3. In many cases, the court required the administrator (and sometimes the executor) to post a bond to ensure that he would properly complete his duties. One or more people, often family members, were required to co-sign the bond as "sureties."
  4. An inventory of the estate was conducted, usually by people with no claim to the property, culminating in a list of property - from land and buildings down to teaspoons and chamber pots!
  1. Potential beneficiaries named in the will were identified and contacted. Notices were published in area newspapers to reach anyone who might have claims on or obligations to the deceased's estate.
  2. Once bills and other outstanding obligations on the estate were met, the estate was formally divided and distributed among the heirs. Receipts are signed by anyone receiving a portion of the estate.
  3. A final statement of account was presented to the probate court, which then ruled the estate as closed. The probate packet was then filed in the records of the court.

What You Can Learn From Probate Records

Probate records provide a rich resource of genealogical and even personal information about an ancestor which can often lead to still other records, such as land records.

Probate records almost always include:

  • Full name
  • Date and place of death

Probate records may also include:

  • Marital Status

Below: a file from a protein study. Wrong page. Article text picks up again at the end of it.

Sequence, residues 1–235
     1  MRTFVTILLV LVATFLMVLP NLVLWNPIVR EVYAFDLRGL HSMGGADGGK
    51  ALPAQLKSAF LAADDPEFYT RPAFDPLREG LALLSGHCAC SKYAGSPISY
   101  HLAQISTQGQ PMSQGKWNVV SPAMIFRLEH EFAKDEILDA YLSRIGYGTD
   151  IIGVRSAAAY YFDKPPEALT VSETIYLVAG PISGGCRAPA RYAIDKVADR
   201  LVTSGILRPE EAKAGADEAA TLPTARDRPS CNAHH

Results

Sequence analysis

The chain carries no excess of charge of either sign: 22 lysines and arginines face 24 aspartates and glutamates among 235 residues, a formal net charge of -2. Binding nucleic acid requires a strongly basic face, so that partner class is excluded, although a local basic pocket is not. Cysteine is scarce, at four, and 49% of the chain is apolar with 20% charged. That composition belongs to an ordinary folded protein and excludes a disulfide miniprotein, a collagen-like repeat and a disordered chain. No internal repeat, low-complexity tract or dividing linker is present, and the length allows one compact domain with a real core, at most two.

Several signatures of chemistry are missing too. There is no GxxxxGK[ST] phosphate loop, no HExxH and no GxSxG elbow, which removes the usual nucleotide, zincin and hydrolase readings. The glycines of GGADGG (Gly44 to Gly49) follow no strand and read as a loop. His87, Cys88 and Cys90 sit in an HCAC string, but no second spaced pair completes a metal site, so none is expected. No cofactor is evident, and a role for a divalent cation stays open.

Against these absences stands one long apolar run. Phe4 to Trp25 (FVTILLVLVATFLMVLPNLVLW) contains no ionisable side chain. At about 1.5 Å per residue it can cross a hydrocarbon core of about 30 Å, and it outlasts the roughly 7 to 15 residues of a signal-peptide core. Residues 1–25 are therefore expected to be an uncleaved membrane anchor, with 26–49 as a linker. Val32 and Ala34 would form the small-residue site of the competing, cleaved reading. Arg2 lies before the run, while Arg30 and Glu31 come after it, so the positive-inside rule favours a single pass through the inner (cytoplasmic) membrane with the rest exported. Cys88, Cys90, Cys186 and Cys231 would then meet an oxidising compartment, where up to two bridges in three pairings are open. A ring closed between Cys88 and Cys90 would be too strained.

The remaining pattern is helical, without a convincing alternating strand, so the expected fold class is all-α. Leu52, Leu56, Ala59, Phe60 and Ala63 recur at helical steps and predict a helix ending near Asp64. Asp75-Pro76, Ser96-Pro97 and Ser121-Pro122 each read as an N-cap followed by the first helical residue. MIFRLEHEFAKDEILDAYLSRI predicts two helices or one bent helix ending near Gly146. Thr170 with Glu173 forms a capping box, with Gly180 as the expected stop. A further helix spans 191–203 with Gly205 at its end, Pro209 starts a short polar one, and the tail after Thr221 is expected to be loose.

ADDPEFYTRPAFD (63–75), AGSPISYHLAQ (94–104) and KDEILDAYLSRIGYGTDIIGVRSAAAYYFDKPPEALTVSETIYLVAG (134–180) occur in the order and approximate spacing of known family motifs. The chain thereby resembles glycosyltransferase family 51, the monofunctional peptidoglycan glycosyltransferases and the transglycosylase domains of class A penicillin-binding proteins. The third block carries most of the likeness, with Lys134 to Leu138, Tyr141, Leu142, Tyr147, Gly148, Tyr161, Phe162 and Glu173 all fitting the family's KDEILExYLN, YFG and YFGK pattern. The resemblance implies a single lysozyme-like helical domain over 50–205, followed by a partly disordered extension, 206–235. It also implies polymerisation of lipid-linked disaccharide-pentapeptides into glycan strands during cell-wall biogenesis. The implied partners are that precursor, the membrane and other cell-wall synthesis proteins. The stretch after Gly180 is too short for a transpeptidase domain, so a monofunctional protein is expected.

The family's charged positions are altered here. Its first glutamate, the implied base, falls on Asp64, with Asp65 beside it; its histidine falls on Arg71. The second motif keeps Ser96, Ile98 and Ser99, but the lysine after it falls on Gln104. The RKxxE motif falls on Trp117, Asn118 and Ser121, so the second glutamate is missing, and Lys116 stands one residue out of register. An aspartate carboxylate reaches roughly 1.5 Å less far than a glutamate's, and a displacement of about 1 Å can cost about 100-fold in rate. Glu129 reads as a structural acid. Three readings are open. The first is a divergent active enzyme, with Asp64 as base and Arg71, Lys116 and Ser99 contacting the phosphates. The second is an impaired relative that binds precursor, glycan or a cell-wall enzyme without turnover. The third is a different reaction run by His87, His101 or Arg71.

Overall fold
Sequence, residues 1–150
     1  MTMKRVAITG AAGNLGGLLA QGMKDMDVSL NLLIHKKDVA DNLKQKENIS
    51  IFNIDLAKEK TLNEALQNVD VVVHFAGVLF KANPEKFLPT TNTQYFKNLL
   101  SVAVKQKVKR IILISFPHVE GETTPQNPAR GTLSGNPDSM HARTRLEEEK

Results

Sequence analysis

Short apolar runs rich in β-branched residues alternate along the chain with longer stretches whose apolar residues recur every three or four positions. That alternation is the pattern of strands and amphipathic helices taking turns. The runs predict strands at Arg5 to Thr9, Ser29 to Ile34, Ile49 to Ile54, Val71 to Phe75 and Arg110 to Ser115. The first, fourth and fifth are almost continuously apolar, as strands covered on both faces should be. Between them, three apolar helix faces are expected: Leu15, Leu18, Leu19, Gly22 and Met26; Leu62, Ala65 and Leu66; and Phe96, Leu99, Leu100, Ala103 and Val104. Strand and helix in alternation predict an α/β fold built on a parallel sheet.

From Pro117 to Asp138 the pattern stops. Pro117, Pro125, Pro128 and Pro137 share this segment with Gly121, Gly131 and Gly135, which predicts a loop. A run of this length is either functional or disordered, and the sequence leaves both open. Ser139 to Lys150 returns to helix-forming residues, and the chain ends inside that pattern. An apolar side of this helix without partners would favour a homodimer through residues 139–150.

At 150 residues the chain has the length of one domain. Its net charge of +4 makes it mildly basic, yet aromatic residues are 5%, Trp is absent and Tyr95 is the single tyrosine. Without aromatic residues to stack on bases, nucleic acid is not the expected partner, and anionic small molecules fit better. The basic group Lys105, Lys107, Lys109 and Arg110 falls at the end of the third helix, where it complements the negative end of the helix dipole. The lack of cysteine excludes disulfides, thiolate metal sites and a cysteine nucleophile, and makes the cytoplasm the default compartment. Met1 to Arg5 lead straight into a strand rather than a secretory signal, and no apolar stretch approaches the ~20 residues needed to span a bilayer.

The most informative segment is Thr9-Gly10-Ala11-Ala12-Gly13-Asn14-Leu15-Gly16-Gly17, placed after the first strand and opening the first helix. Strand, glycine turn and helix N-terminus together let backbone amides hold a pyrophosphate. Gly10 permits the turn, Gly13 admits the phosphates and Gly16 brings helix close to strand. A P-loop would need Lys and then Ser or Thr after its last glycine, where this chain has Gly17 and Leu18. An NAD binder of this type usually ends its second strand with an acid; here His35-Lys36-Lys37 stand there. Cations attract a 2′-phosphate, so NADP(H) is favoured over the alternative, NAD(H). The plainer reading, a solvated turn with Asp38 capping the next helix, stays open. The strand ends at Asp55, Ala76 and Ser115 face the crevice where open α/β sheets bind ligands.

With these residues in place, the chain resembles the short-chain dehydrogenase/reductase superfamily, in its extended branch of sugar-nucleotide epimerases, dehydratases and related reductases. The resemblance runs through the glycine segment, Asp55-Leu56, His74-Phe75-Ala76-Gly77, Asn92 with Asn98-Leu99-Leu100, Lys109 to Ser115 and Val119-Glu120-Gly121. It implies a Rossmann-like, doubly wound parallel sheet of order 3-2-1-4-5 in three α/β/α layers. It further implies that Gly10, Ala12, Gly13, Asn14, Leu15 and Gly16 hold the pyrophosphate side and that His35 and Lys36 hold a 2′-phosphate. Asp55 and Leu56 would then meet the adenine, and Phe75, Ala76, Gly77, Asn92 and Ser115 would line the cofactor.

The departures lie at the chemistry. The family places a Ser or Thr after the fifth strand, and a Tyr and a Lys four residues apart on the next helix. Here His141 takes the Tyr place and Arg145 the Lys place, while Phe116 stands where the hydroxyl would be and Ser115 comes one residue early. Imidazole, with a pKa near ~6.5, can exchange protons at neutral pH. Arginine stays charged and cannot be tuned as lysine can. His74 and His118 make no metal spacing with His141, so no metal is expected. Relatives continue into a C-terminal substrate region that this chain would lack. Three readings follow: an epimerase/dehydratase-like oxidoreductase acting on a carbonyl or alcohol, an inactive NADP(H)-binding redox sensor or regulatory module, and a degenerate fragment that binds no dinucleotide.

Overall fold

• Name of spouse
  • Names of children (and possibly birth order)
  • Names of children's spouses of married daughters
  • Names of grandchildren
  • Relationships between family members
  • Clues to the trade or occupation of your ancestor
  • Citizenship
  • Residences of your ancestor and living descendants
  • Locations (and descriptions) where your ancestor owned property
  • Feelings of your ancestor toward family members
  • Clues to the deaths of other family members
  • Clues to adoptions or guardianships
  • Inventory of items owned by the deceased
  • Clues to your ancestor's economic standing (e.g. debts, property)
  • Your ancestor's signature

How to Find Probate Records

Probate records can usually be found in the local courthouse (county, district, etc.) that presided over the area where your ancestor died. Older probate records may have been moved from the local courthouse to a larger regional facility, such as a state or provincial archives. Contact the clerk's office of the court where the person resided at the time of death for information on the location of probate records for the time period in which you are interested.

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Powell, Kimberly. "How to Use Wills and Estate Records to Learn About Your Ancestors." ThoughtCo, Sep. 1, 2017, thoughtco.com/probing-into-probate-records-1420839. Powell, Kimberly. (2017, September 1). How to Use Wills and Estate Records to Learn About Your Ancestors. Retrieved from https://www.thoughtco.com/probing-into-probate-records-1420839 Powell, Kimberly. "How to Use Wills and Estate Records to Learn About Your Ancestors." ThoughtCo. https://www.thoughtco.com/probing-into-probate-records-1420839 (accessed November 22, 2017).